Becoming an idea machine

This is not my idea, and I have to give full credits to James Altucher. Here you can find a better description to this approach, and I highly recommend his book Choose yourself that has helped me a lot. The two ideas from the book which affected me the most were: The daily practice which helps you maintaining a work/life balance and the Idea Machine methodology. I’m going to talk about how I approached the 10 ideas a day movement and how it changed me.

It’s stupid trying to explain the reasons and methodology better than himself, so I’ll you point you to his post again in case you don’t know what it is about. I don’t know how other practitioners approach it, but I usually spend my walk to work (it takes around 20 to 30 minutes) writing down 10 ideas about anything. Whatever yo want is a valid theme. It has ranged from work-related ideas (how to deal with X situation, how to improve Y product, what approaches can we take to solve Z), to personal subjects, game design challenges (how I’d change a game that I like), personal project ideas, general project ideas, stupid trivia, or even lists of ideas I can use for the challenge. The motto is that there is no invalid idea, and they don’t need to be plausible nor realistic.

That being said, doing it has helped me on numerous occasions. It helps me being ready to some unpredictable events because my wild imagination already hypothesized something similar, it brings new and fresh ideas to try and it trains me to give my best during brainstorming sessions (either formal or informal ones) which is one of my favorites ways to find solutions.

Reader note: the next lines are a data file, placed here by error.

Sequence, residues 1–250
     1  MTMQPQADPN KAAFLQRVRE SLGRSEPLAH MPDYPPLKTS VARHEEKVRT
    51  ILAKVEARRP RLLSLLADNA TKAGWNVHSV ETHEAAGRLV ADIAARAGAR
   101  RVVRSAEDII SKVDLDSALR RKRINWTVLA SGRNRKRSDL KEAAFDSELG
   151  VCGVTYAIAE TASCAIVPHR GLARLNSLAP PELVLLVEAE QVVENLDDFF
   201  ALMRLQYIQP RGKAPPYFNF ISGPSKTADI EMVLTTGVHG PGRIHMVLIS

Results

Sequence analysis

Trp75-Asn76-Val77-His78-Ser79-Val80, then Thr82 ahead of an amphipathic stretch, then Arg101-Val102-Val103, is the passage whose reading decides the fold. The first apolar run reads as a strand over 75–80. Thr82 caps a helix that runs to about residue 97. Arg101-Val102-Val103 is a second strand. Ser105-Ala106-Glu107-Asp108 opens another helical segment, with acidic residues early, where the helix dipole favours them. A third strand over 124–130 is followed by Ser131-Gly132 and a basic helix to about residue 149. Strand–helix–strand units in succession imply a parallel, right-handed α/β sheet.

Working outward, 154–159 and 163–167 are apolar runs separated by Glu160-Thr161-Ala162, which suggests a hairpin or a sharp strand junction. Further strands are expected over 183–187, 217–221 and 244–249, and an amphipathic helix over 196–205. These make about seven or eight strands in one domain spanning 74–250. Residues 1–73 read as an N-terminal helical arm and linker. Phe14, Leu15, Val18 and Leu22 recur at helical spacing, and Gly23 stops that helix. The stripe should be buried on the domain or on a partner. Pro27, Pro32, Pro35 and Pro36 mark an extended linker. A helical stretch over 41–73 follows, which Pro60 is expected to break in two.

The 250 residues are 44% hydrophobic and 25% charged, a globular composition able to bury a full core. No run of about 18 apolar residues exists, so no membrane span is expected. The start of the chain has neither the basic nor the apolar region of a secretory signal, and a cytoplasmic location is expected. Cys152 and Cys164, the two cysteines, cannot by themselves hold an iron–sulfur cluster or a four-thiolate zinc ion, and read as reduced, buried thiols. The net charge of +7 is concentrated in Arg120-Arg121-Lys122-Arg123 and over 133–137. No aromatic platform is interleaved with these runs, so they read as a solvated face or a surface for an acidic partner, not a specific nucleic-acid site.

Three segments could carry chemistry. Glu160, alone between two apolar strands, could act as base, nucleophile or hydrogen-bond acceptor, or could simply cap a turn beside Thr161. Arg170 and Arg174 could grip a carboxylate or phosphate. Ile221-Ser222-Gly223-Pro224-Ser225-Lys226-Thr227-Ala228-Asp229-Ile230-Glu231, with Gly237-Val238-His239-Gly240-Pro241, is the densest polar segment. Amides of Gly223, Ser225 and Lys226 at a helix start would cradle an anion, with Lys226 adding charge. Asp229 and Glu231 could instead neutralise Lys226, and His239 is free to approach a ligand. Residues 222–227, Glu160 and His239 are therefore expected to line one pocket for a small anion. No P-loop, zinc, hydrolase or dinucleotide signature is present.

Thinking particularly about testing I find the training of thinking outside the box and defocus (as explained by James Bach’s Exploratory Testing dynamics) dealing with a wide spectrum of test scenarios before diving into the ones who doesn’t feel right. I don’t think testing is only about naming a bunch of scenarios that can fail (which I consider “wide testing”), but also focusing on a smaller set of features where most of the risks are concentrated (“deep testing”). Undoubtedly, training myself every single day to wreck my brain barriers and be more creative helps me A LOT during the wide testing part.

I have to admit that the most important reason, by far, why I started doing this and still keep on track is because I love this exercise. I’ve surprised myself so many times finding hilarious and weird lateral-thinking solutions to simple problems that now I have an addiction. I have really good memories doing this daily practice, especially when I involve someone in the process and we allow ourselves to get WAY out of the box. I remember a November’s night walking back to our Airbnb in Copenhagen when I started explaining the 10 idea-a-day magic to one of my closest friends, and we brainstormed way more than 10 ways inventions to keep our feet warm. I don’t think any one of them were actually viable but… I always enjoy realizing that someone can be as bonker as me.

James Altucher says that the majority of the ideas should be trashed, because if you really had a good idea it would come over and over again during the process, shaping it with more details. As I use Google Keep for it, I enjoy reading them again from time to time. And it allows me to do some cool things like sharing some examples with you right now!

Have you ever tried this? Do you think you can come with 10 ideas about any subject right now? Seriously, try it! It’s so much fun!